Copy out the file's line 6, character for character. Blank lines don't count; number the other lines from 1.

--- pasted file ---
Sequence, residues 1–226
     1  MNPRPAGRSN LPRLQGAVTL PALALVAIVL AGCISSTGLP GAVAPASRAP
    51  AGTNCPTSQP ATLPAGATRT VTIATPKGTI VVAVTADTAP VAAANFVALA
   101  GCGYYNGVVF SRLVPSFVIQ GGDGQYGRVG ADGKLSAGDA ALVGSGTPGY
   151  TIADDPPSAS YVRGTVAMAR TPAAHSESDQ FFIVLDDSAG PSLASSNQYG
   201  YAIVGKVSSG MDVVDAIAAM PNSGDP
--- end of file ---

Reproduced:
   201  YAIVGKVSSG MDVVDAIAAM PNSGDP